Diamonds need an electric zap to crystallize deep inside Earth
Without voltage, diamonds don't form.
Before diamonds can begin growing deep underground in Earth's mantle, they need a little zap from an electric field, a new study finds.
In lab-based experiments, scientists mimicked conditions in the mantle — the layer just beneath Earth's crust — and found that diamonds grew only when exposed to an electric field, even a weak one of about 1 volt, according to the study, which was published online Jan. 20 in the journal Science Advances.
"Our results clearly show that electric fields should be considered as an important additional factor that influences the crystallization of diamonds," study lead researcher Yuri Palyanov, a diamond specialist at the V.S. Sobolev Institute of Geology and Mineralogy of the Siberian Branch of the Russian Academy of Sciences, and at Novosibirsk State University, said in a statement.
Incredible Earth: $22.99 at Magazines Direct
The planet we live on is a remarkable place. But have you ever wondered how or why these things occur? How the Earth was made? How we predict the weather? How fossils form? What causes earthquakes or which animals glow in the dark? "Incredible Earth" reveals answers to these questions and more on a thrilling journey through everything you need to know about our world — and with gorgeous photography and insightful diagrams along the way!
Related: Photos: Dazzling minerals and gems
Diamonds are made of carbon atoms aligned in a particular crystal structure. They form more than 90 miles (150 kilometers) under Earth's surface, where pressures reach several gigapascals and temperatures can soar upward of 2,732 degrees Fahrenheit (1,500 degrees Celsius). But many factors behind the "birth" of this gem — prized for its polished beauty and extreme hardness — are a mystery; so a team of Russian and German scientists looked at one factor in particular: underground electric fields.
The researchers gathered the starting ingredients needed to make a diamond — carbonate and carbonate-silicate powders that are similar to carbonate-rich melts abundant in the mantle. They put these powders in an artificial mantle in their lab and subjected them to pressures of up to 7.5 gigapascals and temperatures of up to 2,912 F (1,600 C), and electrode-powered electric fields ranging from 0.4 to 1 volt. After varying periods lasting up to 40 hours, diamonds (and their softer carbon-based cousin, graphite) formed, but only when the researchers set up an electric field of about 1 volt — which is weaker than most household batteries.
Moreover, the diamonds and graphite formed only at the cathode, or the negative part of the electric field. This spot provides electrons to jumpstart a chemical process — mainly, so that certain carbon-oxygen compounds in the carbonates can undergo a series of reactions to become carbon dioxide and, eventually, the carbon atoms that can form a diamond.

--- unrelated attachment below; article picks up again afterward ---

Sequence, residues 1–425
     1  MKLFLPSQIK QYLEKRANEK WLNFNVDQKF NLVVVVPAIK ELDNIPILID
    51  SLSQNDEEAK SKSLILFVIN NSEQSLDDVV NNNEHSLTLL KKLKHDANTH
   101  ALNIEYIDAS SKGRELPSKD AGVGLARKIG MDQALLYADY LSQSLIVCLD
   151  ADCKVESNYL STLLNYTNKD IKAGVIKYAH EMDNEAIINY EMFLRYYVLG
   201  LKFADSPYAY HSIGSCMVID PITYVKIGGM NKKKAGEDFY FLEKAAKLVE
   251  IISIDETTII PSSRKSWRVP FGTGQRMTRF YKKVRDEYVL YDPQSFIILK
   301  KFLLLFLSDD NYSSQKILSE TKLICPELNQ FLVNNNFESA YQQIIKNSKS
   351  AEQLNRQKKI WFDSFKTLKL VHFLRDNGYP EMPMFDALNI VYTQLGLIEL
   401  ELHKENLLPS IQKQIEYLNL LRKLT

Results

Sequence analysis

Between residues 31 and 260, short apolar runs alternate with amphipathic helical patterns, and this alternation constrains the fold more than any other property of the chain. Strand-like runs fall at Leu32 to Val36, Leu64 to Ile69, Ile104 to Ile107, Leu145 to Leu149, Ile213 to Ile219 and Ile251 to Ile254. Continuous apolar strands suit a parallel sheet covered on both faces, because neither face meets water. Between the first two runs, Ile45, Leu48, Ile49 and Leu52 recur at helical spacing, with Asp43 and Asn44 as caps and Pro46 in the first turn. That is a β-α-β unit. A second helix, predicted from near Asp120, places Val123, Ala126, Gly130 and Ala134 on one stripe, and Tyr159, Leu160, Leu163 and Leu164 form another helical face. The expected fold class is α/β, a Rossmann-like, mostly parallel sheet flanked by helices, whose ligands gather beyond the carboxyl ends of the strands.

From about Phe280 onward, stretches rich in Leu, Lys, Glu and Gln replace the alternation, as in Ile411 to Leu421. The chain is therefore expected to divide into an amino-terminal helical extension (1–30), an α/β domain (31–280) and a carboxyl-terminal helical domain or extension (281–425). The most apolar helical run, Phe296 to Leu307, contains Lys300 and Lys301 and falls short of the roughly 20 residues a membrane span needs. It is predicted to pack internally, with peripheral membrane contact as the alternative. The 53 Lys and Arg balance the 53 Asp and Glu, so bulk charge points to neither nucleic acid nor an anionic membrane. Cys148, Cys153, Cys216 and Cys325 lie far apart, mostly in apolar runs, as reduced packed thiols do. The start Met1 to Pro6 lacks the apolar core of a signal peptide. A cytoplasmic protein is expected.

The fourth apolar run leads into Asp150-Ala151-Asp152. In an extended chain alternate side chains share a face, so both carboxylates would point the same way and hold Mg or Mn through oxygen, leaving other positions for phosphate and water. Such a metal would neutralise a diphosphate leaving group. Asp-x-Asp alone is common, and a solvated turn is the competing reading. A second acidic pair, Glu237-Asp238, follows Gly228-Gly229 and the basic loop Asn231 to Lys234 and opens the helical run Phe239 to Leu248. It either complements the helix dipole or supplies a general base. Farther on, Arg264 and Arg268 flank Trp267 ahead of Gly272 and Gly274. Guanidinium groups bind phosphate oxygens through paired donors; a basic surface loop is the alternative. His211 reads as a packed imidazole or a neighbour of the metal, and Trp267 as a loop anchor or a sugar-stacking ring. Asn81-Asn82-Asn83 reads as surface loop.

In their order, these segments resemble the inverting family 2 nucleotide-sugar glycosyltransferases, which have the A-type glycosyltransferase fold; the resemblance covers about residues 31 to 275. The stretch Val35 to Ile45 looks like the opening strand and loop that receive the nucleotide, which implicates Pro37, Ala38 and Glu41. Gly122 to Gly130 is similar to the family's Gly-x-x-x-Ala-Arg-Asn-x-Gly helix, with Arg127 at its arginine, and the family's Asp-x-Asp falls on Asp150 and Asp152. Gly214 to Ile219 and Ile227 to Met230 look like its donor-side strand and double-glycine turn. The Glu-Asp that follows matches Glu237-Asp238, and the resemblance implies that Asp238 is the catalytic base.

The synthetic diamonds were small, with diameters no larger than 0.007 inches (200 micrometers, or one-fifth of a millimeter), but they were surprisingly similar to natural diamonds — both have an octahedral shape and tiny amounts of other elements and compounds, including a relatively high nitrogen content and silicate-carbonate inclusions, also known as diamond "birthmarks" or imperfections, the researchers said.
These experiments suggest that local electrical fields play a pivotal role in diamond formation in Earth's mantle, the researchers said. This local voltage is likely created by rock melts and fluids in the mantle that have high electrical conductivity, but it's unclear how strong these electrical fields are, Chemistry World reported.
"Our approach is of interest for the development of new methods for producing diamonds and other carbon materials with special properties," Palyanov said in another statement.
Originally published on Live Science.
Live Science newsletter
Stay up to date on the latest science news by signing up for our Essentials newsletter.
Laura is the archaeology and Life's Little Mysteries editor at Live Science. She also reports on general science, including paleontology. Her work has appeared in The New York Times, Scholastic, Popular Science and Spectrum, a site on autism research. She has won multiple awards from the Society of Professional Journalists and the Washington Newspaper Publishers Association for her reporting at a weekly newspaper near Seattle. Laura holds a bachelor's degree in English literature and psychology from Washington University in St. Louis and a master's degree in science writing from NYU.
By Robert Lea